I remember how bratty I was as a kid. I’d get upset because the TV was too loud since they couldn’t hear very well and I’d grow angry because they were distracting me from my work. Now, at 19, as I sit with them at home, they refuse to turn the volume up, even though they can’t hear it. I hate how I’ve hurt them. How my tantrums and anger stuck with them and it’s what they remember.

There’s so much…regret I have about my family life. I wish I was a kinder daughter. I wish I was more extraverted and talkative as a kid because my family is so interesting and has so much wisdom to share. But now I’m older and time has passed and they are older, too.

I used to resent all the scientists and engineers I met at MIT. Where they were obsessed with optimization of graph colorings or exploring the edges of space or fixating on economics in the like, I was angry that they weren’t spending more time on medicine, on these diseases, on anything to help my grandpa. I feel helpless and foolish and small. There’s a part of me that just wants to say fuck computer science and switch to neuro and bio and study Alzheimer’s endlessly so I can find something to bring it all back for my Lolo and restore him to a better state. I feel useless, tiptapping away at media and computers when my grandfather wanted me to be an engineer and do great things. Other times, I resent how much time I spent studying in middle school and high school to end up where I am now. All those hours spent in front of books and laptop screens could’ve been spent next to my grandparents. I feel robotic and uncaring. I feel like I wasted time.

There are times where I wish I was little again, with the untarnished views of my family still intact. I wish my grandfather would yell at me again like he would if I woke him up from a nap. Or chuckle when I told him stories from school. Or take me in the back of his silver Toyota truck and let me play there.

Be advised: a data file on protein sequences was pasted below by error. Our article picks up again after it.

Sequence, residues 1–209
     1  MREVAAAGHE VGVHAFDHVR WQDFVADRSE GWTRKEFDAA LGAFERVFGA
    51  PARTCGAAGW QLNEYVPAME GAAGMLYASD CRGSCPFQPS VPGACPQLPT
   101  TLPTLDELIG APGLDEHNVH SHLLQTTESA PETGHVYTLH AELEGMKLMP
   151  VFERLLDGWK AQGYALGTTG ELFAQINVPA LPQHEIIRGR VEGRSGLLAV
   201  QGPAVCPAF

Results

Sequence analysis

I miss my lolo. I miss him so much and he’s not gone but seeing him like this feels cruel, like some practical joke played on me by the world. They take the one of the sturdiest and steadfast men in the world and turn him into a broken record. They erode at his health and his memories. He would’ve hated this, the way we treat him like he’s fragile and delicate. The way we look at him with pity in our eyes and pangs in our heart. I miss him, I miss him, I miss him. The world is cruel and I am angry and I hate coming home because everytime I come home it is only worse. I wish I had something more…insightful to say? Something hopeful? Something wise and put together that shows that it gets better or that somehow it gets easier. But all I have instead is anger and pain. I just want to give the world a giant fuck you for the what its done.

Will he live to see me graduate? Will he remember me a couple months from now? Will he, one day, wander off and get lost and never return home? I wonder if he’s happy, the way he is. I wonder if he felt fulfilled in life, because I know there’s very little he can do now. I wonder if the real him, the him that is whole, complete, and there, is watching over us, asking us to stop crying over him and be happy he’s still present in the house.

I write this blogpost for my grandfather, Benjamin Tongson, one of the strongest and brightest men I know. Who pushed me to work as hard as I did in school. Who I study for. Who I live for. And I want him to be remembered and appreciated on these blogs since he has such a vivid and strong love for MIT, probably more than I ever will, despite going here. My family is..messy and difficult and hard and honestly probably the reason why I go to therapy. I try my hardest to make amends, that’s all I can really do. I make chitchat, I try my hardest to be funny and talk since I was too quiet and introverted as a kid. I sit outside and solve crosswords with my Lola and entertain my Lolo’s stories about his time in the Navy because, well, that’s all I can do. But, God, what I would do for more time.

me wearing my graduation robe and cap with my grandparents me with my grandfather

and if you’re curious about one of the stories he loves telling, you can read one of them here :)